Paleo was, and still is, one of the fairest choices I’ve made for my body.  I know some people can’t conform to saying they have gone Paleo, but you can just consider it – morally, ethically, spiritually, physically, positively, absolutely, undeniably and reliably (name that movie!) – 100% gluten free!!

“You can’t out-exercise a bad diet.”

Paleo Works

Everything in this post is based on my own personal observations.

Okay, so I decided to watch some Paleo/diet debates.  First thing I noticed, the person who is against Paleo is always on the high “energy” end.  They get so worked up.  Second thing I noticed, the only thing people who are against Paleo can really debate with someone who is for Paleo is usually the definitions of some of the terms used; processed foods, anti nutrients, etc.  I saw a debate where they said that when you kill a cow and cook it, that it then becomes processed food.  Well, no.  Foods packaged in cans or boxes are processed.  If the list of ingredients is long or hard to pronounce, the more processed the foods are.  Additives and artificial flavors are things you would find in processed foods.  Here’s a good example: avocado oil, olive oil, and nut oils can be obtained by using a cold press, whereas canola oil, soybean oil, or other types of vegetable oils go through a chemical extraction, bleaching, and deodorizing.  So any food containing those processed oils, are bad news.  But now you see why part of the Paleo lifestyle includes olive oil or the nut oils.  Ghee is minimally processed (yes, minimally processed), and it’s a must-have for Paleo-goers.  Plus, you can make ghee at home, and you don’t need fancy equipment.  Why can’t we eat grains?  Because grains are highly processed.  Humans can’t actually digest grains without them going through extensive processing.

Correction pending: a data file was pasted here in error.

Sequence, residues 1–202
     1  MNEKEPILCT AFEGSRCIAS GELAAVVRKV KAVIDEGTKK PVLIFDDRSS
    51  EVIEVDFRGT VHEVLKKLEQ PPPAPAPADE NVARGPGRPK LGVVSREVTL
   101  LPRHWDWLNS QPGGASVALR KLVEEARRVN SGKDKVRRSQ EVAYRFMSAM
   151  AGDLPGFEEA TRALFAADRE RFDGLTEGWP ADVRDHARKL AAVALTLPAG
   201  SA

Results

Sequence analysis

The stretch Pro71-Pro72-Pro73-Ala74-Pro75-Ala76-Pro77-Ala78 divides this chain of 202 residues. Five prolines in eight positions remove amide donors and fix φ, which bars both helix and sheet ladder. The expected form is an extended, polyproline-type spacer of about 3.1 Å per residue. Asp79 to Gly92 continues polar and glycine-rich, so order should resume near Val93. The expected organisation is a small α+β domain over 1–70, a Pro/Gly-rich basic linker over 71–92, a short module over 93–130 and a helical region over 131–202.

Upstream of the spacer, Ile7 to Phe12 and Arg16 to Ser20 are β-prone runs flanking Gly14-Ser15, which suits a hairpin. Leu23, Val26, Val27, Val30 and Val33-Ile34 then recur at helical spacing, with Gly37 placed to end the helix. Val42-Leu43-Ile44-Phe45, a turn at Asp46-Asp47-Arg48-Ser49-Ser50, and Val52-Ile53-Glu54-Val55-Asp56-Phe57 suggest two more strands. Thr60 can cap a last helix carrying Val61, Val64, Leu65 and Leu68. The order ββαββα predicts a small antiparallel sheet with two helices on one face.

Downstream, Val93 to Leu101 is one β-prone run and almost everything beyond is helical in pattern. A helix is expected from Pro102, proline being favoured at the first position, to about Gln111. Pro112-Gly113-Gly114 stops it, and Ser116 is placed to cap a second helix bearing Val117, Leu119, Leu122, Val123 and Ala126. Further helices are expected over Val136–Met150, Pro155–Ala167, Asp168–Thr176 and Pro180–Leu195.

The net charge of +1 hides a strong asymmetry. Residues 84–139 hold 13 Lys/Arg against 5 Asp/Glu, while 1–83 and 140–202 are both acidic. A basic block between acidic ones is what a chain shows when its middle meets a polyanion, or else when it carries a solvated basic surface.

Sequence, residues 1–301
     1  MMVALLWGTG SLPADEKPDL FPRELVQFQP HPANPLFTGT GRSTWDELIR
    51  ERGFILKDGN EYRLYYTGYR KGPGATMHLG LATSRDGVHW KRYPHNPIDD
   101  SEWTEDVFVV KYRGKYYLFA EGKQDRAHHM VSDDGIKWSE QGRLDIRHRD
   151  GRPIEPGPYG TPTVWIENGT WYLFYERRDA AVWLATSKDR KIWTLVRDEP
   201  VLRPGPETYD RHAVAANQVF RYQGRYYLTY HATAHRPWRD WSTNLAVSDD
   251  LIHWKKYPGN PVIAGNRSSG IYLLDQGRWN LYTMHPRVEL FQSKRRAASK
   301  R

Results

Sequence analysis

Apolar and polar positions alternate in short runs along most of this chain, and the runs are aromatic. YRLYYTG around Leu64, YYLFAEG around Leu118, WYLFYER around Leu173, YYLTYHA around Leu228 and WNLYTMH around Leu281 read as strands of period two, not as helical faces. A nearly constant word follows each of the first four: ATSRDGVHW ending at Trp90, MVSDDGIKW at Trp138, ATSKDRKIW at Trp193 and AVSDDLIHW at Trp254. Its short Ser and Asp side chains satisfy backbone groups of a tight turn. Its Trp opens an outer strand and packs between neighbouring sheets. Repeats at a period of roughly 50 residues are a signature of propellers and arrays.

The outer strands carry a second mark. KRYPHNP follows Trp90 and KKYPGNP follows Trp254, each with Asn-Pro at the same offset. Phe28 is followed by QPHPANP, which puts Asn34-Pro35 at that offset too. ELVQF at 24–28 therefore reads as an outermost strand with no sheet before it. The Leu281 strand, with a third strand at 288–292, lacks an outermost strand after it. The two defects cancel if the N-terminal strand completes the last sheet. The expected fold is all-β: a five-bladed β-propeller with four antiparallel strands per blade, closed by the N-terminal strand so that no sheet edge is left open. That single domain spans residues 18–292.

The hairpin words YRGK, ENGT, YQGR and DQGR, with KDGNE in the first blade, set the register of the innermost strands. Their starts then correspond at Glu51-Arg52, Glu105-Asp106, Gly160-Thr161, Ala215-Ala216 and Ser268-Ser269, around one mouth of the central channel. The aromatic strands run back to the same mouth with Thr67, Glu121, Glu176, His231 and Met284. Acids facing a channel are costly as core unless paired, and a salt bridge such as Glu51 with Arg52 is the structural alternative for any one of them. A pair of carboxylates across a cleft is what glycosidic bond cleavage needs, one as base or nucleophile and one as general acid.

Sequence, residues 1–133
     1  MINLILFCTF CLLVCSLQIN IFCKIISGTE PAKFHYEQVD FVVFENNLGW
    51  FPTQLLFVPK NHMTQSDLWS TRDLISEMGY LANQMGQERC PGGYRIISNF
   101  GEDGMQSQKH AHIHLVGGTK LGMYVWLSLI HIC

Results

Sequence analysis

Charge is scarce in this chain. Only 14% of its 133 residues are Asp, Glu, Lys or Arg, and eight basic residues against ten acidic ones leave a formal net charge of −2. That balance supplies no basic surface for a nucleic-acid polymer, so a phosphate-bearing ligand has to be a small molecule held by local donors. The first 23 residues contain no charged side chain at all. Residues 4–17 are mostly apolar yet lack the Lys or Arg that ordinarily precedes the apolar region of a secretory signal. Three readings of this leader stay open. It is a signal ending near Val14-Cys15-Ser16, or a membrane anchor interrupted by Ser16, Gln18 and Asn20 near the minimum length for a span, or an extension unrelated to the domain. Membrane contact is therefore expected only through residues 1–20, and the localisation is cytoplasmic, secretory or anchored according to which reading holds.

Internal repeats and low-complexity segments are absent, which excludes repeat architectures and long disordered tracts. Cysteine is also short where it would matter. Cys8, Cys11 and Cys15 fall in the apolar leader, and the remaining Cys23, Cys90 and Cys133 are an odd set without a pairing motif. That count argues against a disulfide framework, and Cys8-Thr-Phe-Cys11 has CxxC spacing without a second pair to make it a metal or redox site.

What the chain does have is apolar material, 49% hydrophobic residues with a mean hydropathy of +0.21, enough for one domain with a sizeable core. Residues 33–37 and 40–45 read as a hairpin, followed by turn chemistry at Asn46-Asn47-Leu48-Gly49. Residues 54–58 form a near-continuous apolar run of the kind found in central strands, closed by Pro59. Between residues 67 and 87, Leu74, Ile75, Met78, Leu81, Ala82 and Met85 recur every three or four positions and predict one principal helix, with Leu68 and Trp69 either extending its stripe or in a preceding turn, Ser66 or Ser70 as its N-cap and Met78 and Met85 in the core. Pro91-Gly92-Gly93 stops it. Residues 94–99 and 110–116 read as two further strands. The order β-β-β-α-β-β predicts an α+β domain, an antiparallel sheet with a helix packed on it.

I will still stand by the fact that every single person needs to find out what works for them.  If you stick to a strict 30 days of Paleo, you can then introduce things back into your diet, such as dairy.  If it works, then great, if it doesn’t, then you know.  People get a little hung up on the idea of a “caveman diet”.  Calm down, people!  Obviously, we are lucky enough to not have to go out and hunt for our own food, or move huge boulders to make shelters, but what we can do is mimic cavemen to modern standards.  Living Paleo is comparable with someone who is vegan, or gluten free, or someone who follows the famed “South Beach Diet”, in that, we do and eat what we want because that’s what works and it’s what we believe in.

I am a perfect case example of why Paleo could work for some people.  I’m not into diets, and I’m not the hugest fan of working out.  I have stated facts and examples of ailments I had, and I’ve told you what becoming Paleo and doing research has done for them.  I will reiterate some of them now…I was sick so often, once I went Paleo I managed to remain healthy.  I lost a bunch of weight in a healthy way and have been able to maintain the weight loss.  I have more energy, considering I work an overnight shift.  My cryptic tonsils are no longer an issue having eliminated dairy.  My joints have not been achy and sore since stopping my gluten intake.  My eczema has cleared up so much that it’s almost completely gone!  Migraines?  Thing of the past.  Need I continue?  If you’re interested in what else it’s fixed, I suggest you go back and read my old posts.

“If you keep good food in your fridge, you will eat good food.”

Fiber — Keeps things moving.